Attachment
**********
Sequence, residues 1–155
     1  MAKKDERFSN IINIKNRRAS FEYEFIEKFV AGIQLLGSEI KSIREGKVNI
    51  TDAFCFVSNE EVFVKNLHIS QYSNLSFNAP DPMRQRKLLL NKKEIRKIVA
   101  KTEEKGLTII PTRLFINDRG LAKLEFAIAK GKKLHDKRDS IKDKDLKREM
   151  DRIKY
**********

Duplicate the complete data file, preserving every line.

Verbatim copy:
Sequence, residues 1–155
     1  MAKKDERFSN IINIKNRRAS FEYEFIEKFV AGIQLLGSEI KSIREGKVNI
    51  TDAFCFVSNE EVFVKNLHIS QYSNLSFNAP DPMRQRKLLL NKKEIRKIVA
   101  KTEEKGLTII PTRLFINDRG LAKLEFAIAK GKKLHDKRDS IKDKDLKREM
   151  DRIKY